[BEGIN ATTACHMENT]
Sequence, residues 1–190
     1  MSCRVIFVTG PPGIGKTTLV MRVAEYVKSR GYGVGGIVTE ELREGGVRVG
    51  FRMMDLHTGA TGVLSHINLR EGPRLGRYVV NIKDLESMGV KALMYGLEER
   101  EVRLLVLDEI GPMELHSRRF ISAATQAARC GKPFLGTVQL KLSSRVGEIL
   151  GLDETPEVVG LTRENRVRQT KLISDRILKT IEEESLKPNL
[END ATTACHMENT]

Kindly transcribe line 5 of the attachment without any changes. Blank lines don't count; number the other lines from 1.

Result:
   151  GLDETPEVVG LTRENRVRQT KLISDRILKT IEEESLKPNL